Joliet monthly water bills would roughly triple to $90 a month by 2030 whether the city buys from Chicago or builds its own pipeline to Indiana for Lake Michigan water, according to a presentation to the City Council this week.

The projection is in line with past forecasts on rate increases needed to pay for the Lake Michigan project.

Those costs can range from $725 million to nearly $1.7 billion depending on which route the city takes and whether it builds for Joliet-only or a regional water system.

The presentation by the water project consulting team laid out more details on the plans after months of study and negotiations with Chicago and Hammond as the city prepares to make a decision in January on which route to take.

The presentation will be posted on the city's water project website, rethinkwaterjoliet.org, which includes information about the project and upcoming meetings that people can attend online.

Joliet Utilities Director Allison Swisher told the council that "it will take every minute" of the next 10 years for Joliet to build the system that would bring Lake Michigan water into people's homes in 2030, the year that the aquifer now providing water is expected to be depleted to the point that it will not meet maximum demand.

"The aquifer is not sustainable, and we have to find other options," Swisher said.

The City Council would have to approve any water rate increases. But the consulting team provided a forecast on rate increases needed to pay for the project.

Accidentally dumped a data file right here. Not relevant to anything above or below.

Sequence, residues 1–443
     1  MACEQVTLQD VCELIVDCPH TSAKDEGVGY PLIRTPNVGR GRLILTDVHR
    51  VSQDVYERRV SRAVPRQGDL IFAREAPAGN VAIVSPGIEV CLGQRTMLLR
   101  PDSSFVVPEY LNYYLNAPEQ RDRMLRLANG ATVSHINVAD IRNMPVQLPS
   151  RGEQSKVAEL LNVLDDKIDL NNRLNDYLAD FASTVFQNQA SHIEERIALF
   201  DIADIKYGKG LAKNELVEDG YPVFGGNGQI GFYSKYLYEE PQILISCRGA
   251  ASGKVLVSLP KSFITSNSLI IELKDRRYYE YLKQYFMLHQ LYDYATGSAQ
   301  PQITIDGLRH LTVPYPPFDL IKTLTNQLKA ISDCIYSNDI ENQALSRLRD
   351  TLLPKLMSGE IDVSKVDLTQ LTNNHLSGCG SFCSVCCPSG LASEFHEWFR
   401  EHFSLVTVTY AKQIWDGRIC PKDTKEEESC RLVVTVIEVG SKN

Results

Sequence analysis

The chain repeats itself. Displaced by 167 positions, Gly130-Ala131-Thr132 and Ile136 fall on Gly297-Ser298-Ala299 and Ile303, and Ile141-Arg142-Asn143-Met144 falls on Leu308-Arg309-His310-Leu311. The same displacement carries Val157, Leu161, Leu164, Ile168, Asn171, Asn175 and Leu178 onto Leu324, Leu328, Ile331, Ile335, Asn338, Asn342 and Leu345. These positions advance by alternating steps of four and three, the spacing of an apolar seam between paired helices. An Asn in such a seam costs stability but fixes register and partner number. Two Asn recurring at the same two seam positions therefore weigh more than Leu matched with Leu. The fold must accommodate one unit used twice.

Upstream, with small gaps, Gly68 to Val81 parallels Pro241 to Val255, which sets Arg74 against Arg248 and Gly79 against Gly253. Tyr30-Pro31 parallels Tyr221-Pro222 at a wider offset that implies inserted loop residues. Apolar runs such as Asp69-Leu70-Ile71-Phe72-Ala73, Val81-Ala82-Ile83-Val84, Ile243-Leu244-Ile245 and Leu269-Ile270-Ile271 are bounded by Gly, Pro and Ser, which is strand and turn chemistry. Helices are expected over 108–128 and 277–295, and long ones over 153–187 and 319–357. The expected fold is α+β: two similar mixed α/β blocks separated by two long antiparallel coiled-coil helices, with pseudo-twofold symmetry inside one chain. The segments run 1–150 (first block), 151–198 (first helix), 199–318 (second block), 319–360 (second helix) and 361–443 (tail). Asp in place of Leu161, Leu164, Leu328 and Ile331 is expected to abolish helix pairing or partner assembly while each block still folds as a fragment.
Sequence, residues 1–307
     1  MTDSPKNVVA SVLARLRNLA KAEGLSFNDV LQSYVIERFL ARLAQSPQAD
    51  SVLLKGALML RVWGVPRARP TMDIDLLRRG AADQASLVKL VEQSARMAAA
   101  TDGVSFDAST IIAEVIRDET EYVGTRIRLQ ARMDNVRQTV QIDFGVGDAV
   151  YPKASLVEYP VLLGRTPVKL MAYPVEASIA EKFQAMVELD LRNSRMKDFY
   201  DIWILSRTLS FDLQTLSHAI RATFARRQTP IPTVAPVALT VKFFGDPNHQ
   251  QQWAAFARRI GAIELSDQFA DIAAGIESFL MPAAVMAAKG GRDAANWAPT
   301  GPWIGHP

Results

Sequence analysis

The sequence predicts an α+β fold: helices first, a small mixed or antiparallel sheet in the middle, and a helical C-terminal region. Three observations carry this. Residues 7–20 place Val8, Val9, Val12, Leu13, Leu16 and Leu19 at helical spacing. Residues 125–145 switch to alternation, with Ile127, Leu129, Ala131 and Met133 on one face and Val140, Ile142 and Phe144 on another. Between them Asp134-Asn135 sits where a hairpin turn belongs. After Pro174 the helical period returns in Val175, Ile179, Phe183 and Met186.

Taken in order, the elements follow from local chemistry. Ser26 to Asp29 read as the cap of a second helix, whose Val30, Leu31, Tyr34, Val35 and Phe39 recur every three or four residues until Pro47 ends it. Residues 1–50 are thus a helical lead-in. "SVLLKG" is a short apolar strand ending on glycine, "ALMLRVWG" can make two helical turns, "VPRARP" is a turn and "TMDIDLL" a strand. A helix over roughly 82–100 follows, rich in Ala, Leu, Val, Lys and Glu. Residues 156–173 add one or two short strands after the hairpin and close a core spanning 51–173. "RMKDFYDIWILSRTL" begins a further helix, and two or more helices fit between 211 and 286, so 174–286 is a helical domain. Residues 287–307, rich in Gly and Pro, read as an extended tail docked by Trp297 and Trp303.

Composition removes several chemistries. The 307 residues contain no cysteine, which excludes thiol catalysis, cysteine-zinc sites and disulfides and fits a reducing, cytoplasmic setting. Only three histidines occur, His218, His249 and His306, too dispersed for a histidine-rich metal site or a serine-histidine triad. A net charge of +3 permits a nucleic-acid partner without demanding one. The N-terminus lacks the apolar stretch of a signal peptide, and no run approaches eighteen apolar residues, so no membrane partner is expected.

Rates would increase by 10.5% to 12% through 2030 and by smaller amounts in subsequent years for either option, according to projections presented by Project Manager Joe Johnson.

Johnson said the rate increases are "not out of the realm of reality" of what other communities will face in the same period. But, he added, "We do have to realize that Joliet is a very long way from Chicago, from Lake Michigan. It's going to cost more to get water out here."

Under the Indiana option, monthly water bills are expected to reach $93.15 by 2030 and $149 by 2040.

Under the Chicago option, monthly bills would reach $90 by 2030 and $143 by 2040.

The cost of building the systems was estimated both in 2020 dollars and an escalating scale taking into account inflation over the next 10 years.

Using the escalating scale, the Chicago plan would cost $725 million for a Joliet-only system and $993 million for a regional system with twice the capacity.

The Indiana plan would cost nearly $1.3 billion for a Joliet-only system and almost $1.7 billion for a regional system.

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